that are as or more sever than the chosen log level. For example
logcat *:W will filter out Debug and Info level messages.
Suppress all messages.
There is also a subsystem encoded in the logcat output. In the following example we have the subsystems rampost, vic-robot, vic-anim, vic-switchboard, update-engine, vic-cloud and chronyd.
10-09 01:58:47.525 1927 1927 I rampost : @rampost.rampost.exit000005123 10-09 01:58:48.111 1969 1969 I vic-robot: @hal.body_versionfe3d1101ffffffffffffffffffffffff577330303030303030333435613163009af999d6117621 10-09 01:58:49.751 2039 2039 I vic-anim: @random_generator.seedAnimContext266417959619261 10-09 01:58:50.345 2156 2156 I vic-switchboard: @switchboard.hellohello215619854 10-09 01:58:55.172 2278 2278 I update-engine: @robot.ota_download_start000024678 10-09 01:58:55.541 2129 2169 I vic-cloud: @profile_id.start2myn3gMaZqYFjTgw9pkmnTB25051 10-09 01:59:03.799 1798 1798 I chronyd : @ntp.timesync31491
We can control the level of an individual subsystem and use the wildcard * to control anything that doesn’t match the other parameters:
logcat vic-anim:* *:Sshow everything for vic-anim only.
logcat vic-cloud:I vic-anim:I *:Eshow info for vic-anim and vic-cloud and any error we see.
Just watching the logs flow by while Vector is in operation can start to give you a better idea of what the systems are doing.
Development Web Servers¶
The more important Vector subsystems come with embedded webservers for development that do not run on Production Vectors. The interfaces are designed for internal use and aren’t the prettiest but they provide a wealth of information about Vector.
These are enabled on OSKR Vectors, but fire-walled off by default as they allow low-level control of the Vector. There are a few ways to remove the firewall but the quickest is ssh port forwarding. Start a session with port forwarding to get access to the web servers:
ssh -L 8887:localhost:8887 -L 8888:localhost:8888 -L 8889:localhost:8889 email@example.com
And now in your computer’s web browser go to http://localhost:8888
to access the webserver embedded in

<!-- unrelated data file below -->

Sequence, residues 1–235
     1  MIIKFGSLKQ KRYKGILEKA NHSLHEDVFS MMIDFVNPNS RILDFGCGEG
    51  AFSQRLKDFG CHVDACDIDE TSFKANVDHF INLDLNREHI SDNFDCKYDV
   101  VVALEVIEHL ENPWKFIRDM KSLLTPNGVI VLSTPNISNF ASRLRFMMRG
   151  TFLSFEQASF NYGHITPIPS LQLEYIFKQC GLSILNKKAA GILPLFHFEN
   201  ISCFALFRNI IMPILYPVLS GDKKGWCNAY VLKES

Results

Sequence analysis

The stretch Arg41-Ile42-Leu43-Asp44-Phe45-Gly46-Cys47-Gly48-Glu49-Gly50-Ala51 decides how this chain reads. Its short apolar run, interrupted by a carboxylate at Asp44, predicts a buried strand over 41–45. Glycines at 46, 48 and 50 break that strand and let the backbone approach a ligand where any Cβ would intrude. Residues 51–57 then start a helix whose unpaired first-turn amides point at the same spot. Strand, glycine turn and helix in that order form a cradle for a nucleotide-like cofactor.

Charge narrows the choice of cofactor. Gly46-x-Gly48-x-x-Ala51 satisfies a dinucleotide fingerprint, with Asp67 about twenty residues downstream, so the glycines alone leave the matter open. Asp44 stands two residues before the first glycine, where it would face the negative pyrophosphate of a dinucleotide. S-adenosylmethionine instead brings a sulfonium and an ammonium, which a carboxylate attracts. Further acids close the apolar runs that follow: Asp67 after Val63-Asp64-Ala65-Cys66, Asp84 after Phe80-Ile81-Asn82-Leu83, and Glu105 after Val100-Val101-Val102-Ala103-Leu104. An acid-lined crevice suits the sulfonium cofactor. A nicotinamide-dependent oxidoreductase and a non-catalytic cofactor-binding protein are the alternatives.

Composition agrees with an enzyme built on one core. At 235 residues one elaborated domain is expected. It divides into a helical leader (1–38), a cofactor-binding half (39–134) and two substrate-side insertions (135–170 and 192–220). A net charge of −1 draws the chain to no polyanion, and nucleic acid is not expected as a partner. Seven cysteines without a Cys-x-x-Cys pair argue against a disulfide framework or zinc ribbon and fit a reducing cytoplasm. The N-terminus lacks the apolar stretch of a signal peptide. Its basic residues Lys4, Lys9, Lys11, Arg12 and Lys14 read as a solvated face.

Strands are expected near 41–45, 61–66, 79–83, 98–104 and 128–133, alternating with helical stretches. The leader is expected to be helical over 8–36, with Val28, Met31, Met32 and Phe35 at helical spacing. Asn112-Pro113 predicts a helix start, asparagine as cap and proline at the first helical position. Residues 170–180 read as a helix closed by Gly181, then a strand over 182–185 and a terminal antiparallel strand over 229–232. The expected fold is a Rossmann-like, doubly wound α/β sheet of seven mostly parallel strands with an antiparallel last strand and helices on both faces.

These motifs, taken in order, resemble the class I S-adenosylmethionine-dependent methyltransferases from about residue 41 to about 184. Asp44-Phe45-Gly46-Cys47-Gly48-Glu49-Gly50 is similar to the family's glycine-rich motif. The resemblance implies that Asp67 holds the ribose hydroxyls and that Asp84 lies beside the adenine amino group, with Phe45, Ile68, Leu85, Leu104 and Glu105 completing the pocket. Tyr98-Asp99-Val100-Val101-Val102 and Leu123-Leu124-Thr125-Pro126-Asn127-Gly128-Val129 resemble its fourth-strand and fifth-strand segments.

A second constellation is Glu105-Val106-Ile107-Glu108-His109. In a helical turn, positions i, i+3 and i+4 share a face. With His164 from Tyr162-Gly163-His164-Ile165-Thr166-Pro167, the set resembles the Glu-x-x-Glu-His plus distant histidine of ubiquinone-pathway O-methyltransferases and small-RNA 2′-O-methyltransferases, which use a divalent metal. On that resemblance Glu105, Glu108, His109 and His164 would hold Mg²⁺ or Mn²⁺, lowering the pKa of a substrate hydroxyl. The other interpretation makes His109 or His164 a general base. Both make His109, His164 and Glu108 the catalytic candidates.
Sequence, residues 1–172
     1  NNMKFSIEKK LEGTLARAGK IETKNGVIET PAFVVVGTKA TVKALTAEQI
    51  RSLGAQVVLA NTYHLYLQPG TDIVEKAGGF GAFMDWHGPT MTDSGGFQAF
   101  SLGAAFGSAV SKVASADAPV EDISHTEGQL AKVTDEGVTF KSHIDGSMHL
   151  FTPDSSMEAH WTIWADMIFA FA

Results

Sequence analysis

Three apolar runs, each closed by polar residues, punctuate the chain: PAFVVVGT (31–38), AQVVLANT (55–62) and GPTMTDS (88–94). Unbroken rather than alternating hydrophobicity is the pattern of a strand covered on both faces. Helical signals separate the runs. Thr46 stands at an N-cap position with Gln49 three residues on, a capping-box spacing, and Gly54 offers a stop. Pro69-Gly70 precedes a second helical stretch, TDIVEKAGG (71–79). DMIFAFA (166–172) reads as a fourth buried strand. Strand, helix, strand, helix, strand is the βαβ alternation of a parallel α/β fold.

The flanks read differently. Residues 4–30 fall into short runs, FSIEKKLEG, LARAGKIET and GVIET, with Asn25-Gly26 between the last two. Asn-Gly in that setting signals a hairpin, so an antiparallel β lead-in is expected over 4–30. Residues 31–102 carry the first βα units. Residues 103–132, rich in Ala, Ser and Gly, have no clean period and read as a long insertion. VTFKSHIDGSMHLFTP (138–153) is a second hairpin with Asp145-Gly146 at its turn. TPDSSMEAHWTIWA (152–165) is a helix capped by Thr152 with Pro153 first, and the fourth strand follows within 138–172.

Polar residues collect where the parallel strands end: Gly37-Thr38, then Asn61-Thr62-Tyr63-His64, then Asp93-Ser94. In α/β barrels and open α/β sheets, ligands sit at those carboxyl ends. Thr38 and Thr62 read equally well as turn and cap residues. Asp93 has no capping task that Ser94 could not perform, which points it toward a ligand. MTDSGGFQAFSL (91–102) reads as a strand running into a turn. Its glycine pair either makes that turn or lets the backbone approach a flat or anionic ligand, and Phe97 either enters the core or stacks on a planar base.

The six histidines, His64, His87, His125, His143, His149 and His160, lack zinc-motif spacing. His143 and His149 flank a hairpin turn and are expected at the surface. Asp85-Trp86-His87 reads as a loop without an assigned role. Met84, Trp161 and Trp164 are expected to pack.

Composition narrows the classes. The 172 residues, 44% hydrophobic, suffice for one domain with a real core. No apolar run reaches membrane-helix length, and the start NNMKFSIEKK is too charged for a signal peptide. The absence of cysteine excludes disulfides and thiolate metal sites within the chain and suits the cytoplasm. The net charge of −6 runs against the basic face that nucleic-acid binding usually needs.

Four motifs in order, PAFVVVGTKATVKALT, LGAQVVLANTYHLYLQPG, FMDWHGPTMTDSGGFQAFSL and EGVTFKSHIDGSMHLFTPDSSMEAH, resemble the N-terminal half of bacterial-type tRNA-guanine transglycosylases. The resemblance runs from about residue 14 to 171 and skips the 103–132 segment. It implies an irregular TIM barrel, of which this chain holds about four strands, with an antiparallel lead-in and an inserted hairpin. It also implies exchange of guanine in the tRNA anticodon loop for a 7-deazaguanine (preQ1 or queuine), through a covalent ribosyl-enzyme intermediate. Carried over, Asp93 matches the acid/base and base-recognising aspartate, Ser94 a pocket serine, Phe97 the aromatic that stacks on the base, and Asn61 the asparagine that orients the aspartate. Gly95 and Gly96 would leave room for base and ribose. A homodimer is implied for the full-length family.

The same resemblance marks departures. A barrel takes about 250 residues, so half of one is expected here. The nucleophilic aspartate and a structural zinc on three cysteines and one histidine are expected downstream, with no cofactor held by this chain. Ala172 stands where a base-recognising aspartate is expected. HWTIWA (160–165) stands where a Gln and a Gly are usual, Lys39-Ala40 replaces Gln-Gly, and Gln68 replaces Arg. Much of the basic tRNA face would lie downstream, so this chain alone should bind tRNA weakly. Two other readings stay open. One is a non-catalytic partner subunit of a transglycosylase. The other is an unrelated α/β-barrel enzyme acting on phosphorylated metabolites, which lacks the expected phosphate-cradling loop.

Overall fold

vic-engine. You should see this:
There is a lot of things you can see here and you’re encouraged to poke around. For now we’ll provide a brief overview of the two main systems.
Console variables and functions¶
On the first screen you will see several options referring to Console Variables. These are used to provide various flags to change behavior of Vector, gather information, and more.
There are many many options here. Most of the options are known internally in the codebase as Dev Cheats and are not available on production versions of Vector software.
To get the full list of variables visit http://localhost:8888/consolevarlist. To get the full list of functions visit http://localhost:8888/consolefunclist. Examples of changing a console variable value and executing a console function can be found in the Examples section of this manual.
WebViz provides insight in to the way Vector is operating at a high level in real time. Among other things it will show you:
NavMap Vector’s understanding of the enviroment around him, where table edges are located, walls, charger, obstacles.
CloudIntents How Vector turns what you say into an action on its part.
Mood Is Vector Happy? Confident? Social? Stimulated? Trusting?
Behavior What is Vector doing now and why?
There is a link for WebViz at the bottom of the main webserver page. It can also be accessed directly at http://localhost:8888/webViz.html. Explore around and see what you can learn.